What getting a diagnosis means to me 26


Tomorrow see’s our final autism assessment and diagnosis appointment for Hayden. Something I am really struggling to get my head around. On one hand, I have been waiting for this day for the past 3 years, but on the other, I’m scared, really scared.

 

Getting a diagnosis

Don’t get me wrong, I’m not scared because I think I might be told he is fine, and we are just really poor parents.

We know what is coming. There is no doubt about it.

Hayden is on the spectrum. And it is Autism.

But what else will they tell us? What else could he be going through that we haven’t already discovered. There are so many different ‘disorders’ on the spectrum, he could have autism &…., well anything. Or maybe its Asperger’s and we haven’t looked into that much. You know, it’s just really daunting.

The other thing I’m scared about, is how I will take it. Yes, i know it’s coming but does that really prepare you? I really don’t think it does! I have no idea what will be going through my head at 5pm tomorrow once we have received that diagnosis. One doctor telling me, my precious little boy could well suffer with general daily ‘stuff’ for the rest of his life. It is bloody scary!

But all that aside, I need this, he needs this. We, as a family need this diagnosis. Desperately!

I think, in fact I know, the level of support and care for autism sufferers pre-diagnosis varies hugely across the country. I know some parents that have had a wealth of support, guidance and advice whilst waiting on what is one huge waiting list that for some, is years and years. But I also know other parents that have had nothing.

We are somewhere in between. Whilst we, as a family have had no support at all. The school have been amazing at getting him the right support there. But to be totally honest, if they hadn’t have got the support they had, I expect I would have been asked to put him into a specialised school. There is no way he or his class would have survived this first half term without full time 1:1 care, and the school knew that!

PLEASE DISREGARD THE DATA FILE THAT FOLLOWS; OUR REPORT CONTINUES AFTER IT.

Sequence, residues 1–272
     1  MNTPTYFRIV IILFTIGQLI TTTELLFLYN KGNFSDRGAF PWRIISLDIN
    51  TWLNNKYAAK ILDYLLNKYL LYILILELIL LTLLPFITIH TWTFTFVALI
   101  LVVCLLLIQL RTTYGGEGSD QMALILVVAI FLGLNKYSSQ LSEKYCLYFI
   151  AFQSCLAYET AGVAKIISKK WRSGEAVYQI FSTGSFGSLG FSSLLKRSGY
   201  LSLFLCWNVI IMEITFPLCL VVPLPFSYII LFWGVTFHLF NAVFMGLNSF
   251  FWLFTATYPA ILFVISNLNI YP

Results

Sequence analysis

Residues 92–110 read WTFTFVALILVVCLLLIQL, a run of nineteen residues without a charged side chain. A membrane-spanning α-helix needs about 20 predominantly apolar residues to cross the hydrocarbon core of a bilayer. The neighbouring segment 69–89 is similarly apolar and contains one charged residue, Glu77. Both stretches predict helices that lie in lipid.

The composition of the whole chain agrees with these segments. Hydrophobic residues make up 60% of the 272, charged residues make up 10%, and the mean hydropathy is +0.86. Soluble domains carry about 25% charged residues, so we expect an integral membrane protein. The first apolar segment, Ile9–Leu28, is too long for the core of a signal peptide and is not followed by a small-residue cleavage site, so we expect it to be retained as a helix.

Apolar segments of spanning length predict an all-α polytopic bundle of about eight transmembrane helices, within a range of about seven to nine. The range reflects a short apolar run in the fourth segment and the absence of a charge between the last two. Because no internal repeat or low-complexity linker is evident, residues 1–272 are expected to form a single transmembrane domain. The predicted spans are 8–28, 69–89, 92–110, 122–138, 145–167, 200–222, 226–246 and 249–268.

Knowing he has amazing 1:1 support at school is helpful, of course. But that doesn’t help us at home.

Ellis’ face has been scratched to pieces, I am still cleaning up at least 2 poo’s a day 4 months after starting potting training, we still have a regular night time visitor that sometimes falls back to sleep, sometimes doesn’t. We still battle every single night getting him to bed any time before 10pm. We still have a little boy that will run into a road without thinking, we still avoid social situations because we don’t know how he will react, my heart still breaks every day when I pick Hayden up from school and he can’t tell me about his day. I can’t be spontaneous and take the boys to the park after school, because it will be expected every day. And the older he gets the more obvious his differences are going to become. Something that kills me inside.

We will still face those problems at 5pm tomorrow. But we won’t be alone.

We will have some support, some guidance, some options. Some hope!

And as a mother to a 5 year old autistic little boy. That is all I need.


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